Mark Cavendish: I’ve never been the strongest or the fastest but I win

Cavendish praises team as he makes a winning return to the Giro d'Italia

Mark Cavendish at the 2022 Giro d'Italia
(Image credit: Getty Images)

Mark Cavendish continued his Grand Tour renaissance at the Giro d'Italia on Sunday, picking up where he left off nine years ago with a formidable sprint victory.

After returning to the Tour de France last year and defiantly racing to four stage wins, the 36-year-old looks like he could be on a similar trajectory at the Giro this year, winning the first sprint finish of the 2022 edition having won the final sprint in his last appearance in 2013. Like the Tour, it's a race he flourished in during the early part of his career, taking 15 stages in five appearances before this year. 

Sunday's victory was a result of impeccable teamwork by his Quick-Step Alpha Vinyl squad, as well as another checkmate in what Cavendish describes as "chess on wheels." His craft and his cunning are what able him to be the fastest, says Cavendish, allowing him to beat the likes of Arnaud Démare (Groupama-FDJ), Fernando Gaviria (UAE Team Emirates), and Caleb Ewan (Lotto-Soudal).

“I think there are a few guys who are just as strong and fast, the strongest and fastest doesn’t necessarily mean the best,” Cavendish said. “I’ve never been that but I win. Caleb has the fastest legs, Fabio is the strongest, but it doesn’t necessarily mean you win bike races.

"Sprinting is like chess on wheels, you work out how to be the strongest and fastest on the road.”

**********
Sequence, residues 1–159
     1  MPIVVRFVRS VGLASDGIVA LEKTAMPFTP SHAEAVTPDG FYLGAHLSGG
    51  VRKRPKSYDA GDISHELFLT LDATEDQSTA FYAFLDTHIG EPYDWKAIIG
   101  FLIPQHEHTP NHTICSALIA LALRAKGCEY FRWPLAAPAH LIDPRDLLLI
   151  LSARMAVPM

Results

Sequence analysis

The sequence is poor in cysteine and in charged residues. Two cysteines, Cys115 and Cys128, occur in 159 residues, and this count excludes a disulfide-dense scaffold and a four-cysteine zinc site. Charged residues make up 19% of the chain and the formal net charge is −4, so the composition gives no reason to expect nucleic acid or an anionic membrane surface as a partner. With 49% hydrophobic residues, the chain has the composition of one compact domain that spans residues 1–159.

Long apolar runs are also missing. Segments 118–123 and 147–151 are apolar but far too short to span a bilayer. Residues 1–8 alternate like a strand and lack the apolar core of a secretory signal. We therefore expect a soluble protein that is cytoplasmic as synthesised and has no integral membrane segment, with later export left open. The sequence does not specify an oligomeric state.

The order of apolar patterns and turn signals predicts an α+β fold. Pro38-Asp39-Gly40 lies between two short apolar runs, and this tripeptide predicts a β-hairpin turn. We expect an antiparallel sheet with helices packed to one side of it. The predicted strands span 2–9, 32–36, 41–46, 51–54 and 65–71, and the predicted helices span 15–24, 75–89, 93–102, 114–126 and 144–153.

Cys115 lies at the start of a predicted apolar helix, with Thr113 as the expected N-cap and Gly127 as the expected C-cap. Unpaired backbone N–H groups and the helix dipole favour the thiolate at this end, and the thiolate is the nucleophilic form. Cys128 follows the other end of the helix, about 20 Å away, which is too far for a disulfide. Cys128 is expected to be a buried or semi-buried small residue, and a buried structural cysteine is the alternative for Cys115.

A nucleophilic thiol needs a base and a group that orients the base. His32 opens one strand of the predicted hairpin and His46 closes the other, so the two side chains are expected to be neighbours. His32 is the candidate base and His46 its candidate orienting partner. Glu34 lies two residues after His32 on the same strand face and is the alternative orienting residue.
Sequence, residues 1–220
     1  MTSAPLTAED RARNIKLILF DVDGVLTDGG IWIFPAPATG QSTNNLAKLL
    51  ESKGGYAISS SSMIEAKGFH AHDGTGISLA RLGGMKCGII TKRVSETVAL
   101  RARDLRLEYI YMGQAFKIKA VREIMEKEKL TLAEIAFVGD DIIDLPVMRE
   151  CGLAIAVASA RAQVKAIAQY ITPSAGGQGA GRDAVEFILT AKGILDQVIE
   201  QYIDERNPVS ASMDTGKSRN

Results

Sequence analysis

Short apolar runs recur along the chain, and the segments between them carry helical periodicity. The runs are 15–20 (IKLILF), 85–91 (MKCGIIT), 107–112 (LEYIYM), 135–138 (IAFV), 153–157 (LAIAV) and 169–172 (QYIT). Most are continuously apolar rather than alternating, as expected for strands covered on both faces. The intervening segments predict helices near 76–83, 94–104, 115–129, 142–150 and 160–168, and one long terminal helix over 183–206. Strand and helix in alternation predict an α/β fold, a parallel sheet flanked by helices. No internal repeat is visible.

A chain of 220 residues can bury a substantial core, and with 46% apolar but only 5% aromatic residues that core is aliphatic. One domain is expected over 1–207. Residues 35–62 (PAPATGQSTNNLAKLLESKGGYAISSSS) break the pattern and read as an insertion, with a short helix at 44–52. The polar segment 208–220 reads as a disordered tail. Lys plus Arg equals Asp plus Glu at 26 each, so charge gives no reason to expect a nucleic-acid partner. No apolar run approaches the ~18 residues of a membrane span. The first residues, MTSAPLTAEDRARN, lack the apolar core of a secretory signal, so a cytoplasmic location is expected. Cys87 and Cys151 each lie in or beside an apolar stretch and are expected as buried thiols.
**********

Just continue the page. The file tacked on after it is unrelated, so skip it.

Mark Cavendish at the 2022 Giro d'Italia

(Image credit: Getty Images)

Still, as ever Cavendish lays much of the credit at the feet of his team. Another almost textbook lead out by Michael Mørkøv did leave the Manxman with 300m to hold his sprint, but the timing of Quick-Step's emergence at the front of the bunch with just over 1km to go was a perfect play of bunch sprint positioning. Cavendish said the skills of his team-mates left him "no excuses" not to win.

“If you have the guys on that list, it leaves me full of confidence," he said of his team. "I know it’s on me, I know I’ve got the best group of guys around me, there are no excuses. I haven’t had a full team like this year like Fabio, so it’s nice to get that at the Giro.”

The Giro now leaves its stay in Hungary, with opportunities for Cavendish to add to his Grand Tour stage tally in the coming week following Monday's rest day. He'll have to then navigate the first summit finish to Mount Etna, but Cavendish is already more than enthused to be back racing at the Giro.

"The Giro in Hungary has been incredible," Cavendish said. "The crowds were phenomenal. I’ve seen many people on bikes, many bike paths. People have loved the Grande Partenza. It’s been a privilege for me to be here and an exceptional privilege to win here.

“I am happy to be back here. I love racing, I love Italy, and I love the Giro,” he said. “This race it’s been nice to me. It’s super nice to win today.”

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Richard Windsor

Follow on Twitter: @richwindy

Richard is digital editor of Cycling Weekly. Joining the team in 2013, Richard became editor of the website in 2014 and coordinates site content and strategy, leading the news team in coverage of the world's biggest races and working with the tech editor to deliver comprehensive buying guides, reviews, and the latest product news.

An occasional racer, Richard spends most of his time preparing for long-distance touring rides these days, or getting out to the Surrey Hills on the weekend on his Specialized Tarmac SL6 (with an obligatory pub stop of course).